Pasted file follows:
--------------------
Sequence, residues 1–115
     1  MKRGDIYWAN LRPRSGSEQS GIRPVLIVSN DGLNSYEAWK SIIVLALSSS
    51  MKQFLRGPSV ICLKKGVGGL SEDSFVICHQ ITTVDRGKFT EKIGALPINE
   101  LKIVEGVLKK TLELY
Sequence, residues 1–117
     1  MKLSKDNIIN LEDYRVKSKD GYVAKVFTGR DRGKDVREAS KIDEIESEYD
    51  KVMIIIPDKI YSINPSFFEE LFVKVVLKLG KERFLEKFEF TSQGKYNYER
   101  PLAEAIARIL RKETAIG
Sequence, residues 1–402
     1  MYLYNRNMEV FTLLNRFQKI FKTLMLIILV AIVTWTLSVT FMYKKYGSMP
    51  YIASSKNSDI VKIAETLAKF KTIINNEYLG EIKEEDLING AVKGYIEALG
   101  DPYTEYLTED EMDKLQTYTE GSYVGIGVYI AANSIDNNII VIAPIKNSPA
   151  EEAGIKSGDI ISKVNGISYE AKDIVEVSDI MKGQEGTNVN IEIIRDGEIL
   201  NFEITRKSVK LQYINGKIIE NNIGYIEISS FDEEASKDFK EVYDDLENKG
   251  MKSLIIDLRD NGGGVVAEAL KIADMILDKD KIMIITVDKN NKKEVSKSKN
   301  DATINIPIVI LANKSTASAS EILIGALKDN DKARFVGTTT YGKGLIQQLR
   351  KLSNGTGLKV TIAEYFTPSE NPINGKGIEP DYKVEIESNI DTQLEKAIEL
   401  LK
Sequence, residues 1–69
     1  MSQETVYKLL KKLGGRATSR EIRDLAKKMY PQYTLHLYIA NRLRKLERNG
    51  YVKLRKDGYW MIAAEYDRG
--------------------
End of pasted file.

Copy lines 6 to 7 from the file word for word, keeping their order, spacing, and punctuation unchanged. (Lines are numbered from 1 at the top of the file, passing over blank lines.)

     1  MKLSKDNIIN LEDYRVKSKD GYVAKVFTGR DRGKDVREAS KIDEIESEYD
    51  KVMIIIPDKI YSINPSFFEE LFVKVVLKLG KERFLEKFEF TSQGKYNYER